DGCA inspection finds lapses in Air India's internal safety auditstext_fields
New Delhi: A recent inspection conducted by a two-member team from the Directorate General of Civil Aviation (DGCA) has uncovered deficiencies in Air India's internal safety audits, prompting regulatory scrutiny.
The inspection, which took place at Air India's office in Gurugram, Haryana on July 25 and 26, revealed lapses in the airline's compliance with safety protocols.
The inspection team's findings indicated that Air India was required to conduct regular safety spot checks across various operational areas, including cabin surveillance, cargo, ramp, and load. However, during a random evaluation of 13 safety points, the team discovered that the airline had fabricated false reports for all 13 cases.
The team's assessment exposed that these spot checks, supposedly carried out at stations in Mumbai, Goa, and Delhi, were not actually performed, as verified through cross-referencing with CCTV footage, auditee statements, shift registers, passenger manifests, and other documents.
The report also disclosed that these fraudulent spot-check reports were prepared or falsified only upon the demand of the DGCA team. Notably, the team identified that these fabricated reports lacked the signature of the Chief of Flight Safety (CFS), the designated authority responsible for such endorsements.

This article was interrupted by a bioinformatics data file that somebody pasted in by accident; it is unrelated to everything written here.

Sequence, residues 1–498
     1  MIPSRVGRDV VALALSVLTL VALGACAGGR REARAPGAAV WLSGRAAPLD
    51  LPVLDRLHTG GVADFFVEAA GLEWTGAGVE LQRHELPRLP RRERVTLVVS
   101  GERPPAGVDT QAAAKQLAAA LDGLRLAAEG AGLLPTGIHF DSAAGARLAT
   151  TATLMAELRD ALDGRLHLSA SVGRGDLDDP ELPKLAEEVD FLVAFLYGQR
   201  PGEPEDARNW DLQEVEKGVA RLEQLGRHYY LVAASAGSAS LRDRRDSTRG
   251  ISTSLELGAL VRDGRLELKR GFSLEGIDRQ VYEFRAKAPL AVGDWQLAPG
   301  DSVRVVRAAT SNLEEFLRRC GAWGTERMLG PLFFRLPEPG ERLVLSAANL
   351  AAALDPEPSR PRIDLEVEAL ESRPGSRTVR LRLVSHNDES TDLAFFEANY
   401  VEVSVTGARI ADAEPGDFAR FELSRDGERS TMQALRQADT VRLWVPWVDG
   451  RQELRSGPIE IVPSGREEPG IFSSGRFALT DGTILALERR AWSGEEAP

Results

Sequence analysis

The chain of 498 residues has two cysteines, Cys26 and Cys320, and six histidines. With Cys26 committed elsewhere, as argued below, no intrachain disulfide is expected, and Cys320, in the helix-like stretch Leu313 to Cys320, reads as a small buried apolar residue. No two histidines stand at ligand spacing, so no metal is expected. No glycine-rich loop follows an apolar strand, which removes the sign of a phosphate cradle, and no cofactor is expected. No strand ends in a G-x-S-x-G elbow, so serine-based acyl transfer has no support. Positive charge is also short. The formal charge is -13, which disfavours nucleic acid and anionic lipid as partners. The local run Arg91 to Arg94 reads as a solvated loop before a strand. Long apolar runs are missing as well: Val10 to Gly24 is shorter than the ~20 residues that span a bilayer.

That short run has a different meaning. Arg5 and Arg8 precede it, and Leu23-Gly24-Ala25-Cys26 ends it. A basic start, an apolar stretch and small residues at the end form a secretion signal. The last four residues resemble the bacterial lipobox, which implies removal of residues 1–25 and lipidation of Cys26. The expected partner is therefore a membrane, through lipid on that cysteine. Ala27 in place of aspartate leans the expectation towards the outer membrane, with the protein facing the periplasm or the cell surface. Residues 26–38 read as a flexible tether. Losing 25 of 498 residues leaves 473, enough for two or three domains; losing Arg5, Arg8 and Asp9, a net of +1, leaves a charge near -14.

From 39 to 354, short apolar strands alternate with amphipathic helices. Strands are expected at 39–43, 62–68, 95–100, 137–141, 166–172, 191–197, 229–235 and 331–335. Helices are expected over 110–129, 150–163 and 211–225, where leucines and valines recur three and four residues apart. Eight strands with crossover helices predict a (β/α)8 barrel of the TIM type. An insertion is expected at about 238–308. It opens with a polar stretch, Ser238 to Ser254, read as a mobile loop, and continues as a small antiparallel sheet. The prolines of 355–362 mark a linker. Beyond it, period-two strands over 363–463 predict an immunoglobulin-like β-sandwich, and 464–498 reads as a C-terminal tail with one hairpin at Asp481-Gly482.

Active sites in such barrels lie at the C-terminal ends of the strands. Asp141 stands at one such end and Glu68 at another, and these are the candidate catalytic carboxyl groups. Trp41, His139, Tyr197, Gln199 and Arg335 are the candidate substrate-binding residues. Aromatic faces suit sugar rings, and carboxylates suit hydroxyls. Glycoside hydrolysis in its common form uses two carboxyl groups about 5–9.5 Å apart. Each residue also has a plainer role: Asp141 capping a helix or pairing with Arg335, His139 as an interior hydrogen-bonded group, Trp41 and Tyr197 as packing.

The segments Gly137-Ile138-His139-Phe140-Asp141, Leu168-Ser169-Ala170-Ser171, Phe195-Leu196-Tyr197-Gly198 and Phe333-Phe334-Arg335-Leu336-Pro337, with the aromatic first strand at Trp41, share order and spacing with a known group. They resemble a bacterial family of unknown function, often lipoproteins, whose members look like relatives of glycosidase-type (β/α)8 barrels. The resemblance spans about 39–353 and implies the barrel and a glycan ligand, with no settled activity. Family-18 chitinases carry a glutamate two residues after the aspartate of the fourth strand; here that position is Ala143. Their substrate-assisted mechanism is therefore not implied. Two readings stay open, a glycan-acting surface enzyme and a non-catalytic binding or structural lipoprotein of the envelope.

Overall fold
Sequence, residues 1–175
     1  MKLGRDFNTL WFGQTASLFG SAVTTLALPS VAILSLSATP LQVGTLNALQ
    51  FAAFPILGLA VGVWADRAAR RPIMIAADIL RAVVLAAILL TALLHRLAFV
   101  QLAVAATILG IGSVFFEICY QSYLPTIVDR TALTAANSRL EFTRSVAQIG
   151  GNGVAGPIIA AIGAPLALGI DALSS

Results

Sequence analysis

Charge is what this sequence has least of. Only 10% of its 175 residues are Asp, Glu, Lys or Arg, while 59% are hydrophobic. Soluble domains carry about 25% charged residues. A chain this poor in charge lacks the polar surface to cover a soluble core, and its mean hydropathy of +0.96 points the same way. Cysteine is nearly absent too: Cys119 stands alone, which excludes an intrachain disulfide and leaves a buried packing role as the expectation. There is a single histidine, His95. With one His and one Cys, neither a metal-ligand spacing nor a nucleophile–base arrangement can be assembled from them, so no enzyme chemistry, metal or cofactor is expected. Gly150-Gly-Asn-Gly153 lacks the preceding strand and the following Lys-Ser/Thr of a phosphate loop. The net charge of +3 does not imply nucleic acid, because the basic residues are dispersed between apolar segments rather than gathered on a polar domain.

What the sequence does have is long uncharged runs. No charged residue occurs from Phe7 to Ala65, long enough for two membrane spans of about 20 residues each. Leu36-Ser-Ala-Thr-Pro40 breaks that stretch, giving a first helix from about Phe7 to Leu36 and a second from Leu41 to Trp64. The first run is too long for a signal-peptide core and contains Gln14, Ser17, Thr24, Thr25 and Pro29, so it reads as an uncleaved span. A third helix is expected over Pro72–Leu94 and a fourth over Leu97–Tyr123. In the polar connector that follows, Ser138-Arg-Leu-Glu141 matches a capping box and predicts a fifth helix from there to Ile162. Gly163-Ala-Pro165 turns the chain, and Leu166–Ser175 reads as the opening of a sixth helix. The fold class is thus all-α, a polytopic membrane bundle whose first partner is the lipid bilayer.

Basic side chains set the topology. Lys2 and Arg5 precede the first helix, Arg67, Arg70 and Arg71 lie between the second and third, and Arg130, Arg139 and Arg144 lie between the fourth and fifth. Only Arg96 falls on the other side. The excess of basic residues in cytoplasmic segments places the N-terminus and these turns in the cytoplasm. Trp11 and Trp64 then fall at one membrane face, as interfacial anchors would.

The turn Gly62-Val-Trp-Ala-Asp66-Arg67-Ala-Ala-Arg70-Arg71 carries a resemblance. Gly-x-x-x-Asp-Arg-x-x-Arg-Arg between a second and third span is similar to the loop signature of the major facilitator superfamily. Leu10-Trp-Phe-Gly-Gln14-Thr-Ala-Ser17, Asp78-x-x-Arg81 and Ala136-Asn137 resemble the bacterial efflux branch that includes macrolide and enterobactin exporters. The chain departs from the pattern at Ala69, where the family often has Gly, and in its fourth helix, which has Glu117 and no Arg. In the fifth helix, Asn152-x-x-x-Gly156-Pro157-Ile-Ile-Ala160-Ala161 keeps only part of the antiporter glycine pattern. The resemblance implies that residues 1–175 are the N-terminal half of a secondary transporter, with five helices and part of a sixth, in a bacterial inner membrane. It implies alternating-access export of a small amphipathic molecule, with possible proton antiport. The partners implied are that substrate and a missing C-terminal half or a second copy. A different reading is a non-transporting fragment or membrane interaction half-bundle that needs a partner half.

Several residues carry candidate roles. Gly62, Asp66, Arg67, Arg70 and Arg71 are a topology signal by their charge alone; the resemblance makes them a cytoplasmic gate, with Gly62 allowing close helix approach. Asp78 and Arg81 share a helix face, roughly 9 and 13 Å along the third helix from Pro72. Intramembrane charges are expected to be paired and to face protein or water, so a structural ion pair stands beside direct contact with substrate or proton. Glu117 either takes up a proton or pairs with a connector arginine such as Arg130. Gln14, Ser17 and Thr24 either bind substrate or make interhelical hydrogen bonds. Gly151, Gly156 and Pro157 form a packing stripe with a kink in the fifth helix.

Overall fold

The inspection team's visit to Air India's office was prompted by concerns over the airline's internal safety practices. Upon encountering these lapses, the DGCA promptly initiated an investigation into the matter.
Among the specific instances cited in the inspection report was Air India's claim of conducting Pre-Flight Medical Examinations, including alcohol consumption tests for pilots. However, the team found that internal auditors had not physically visited the facility, and equipment details and test readings were omitted from the checklist. Similarly, discrepancies were found in other operational areas such as ramp services and cabin surveillance.
The inspection also revealed procedural issues concerning the audit process itself.
The team highlighted a lack of written communication indicating the delegation of authority to auditors and the absence of proper differentiation between flight safety auditors and Quality Management System (QMS) auditors. The QMS auditors' qualifications did not align with those specified in the Flight Safety Manual.
Air India responded by noting that all airlines undergo regular safety audits and affirmed its active engagement in such evaluations to strengthen operational processes. The airline also stated its commitment to addressing any concerns raised by relevant authorities.
As regulatory scrutiny continues, the airline is expected to take corrective actions to rectify the identified deficiencies and enhance its safety protocols.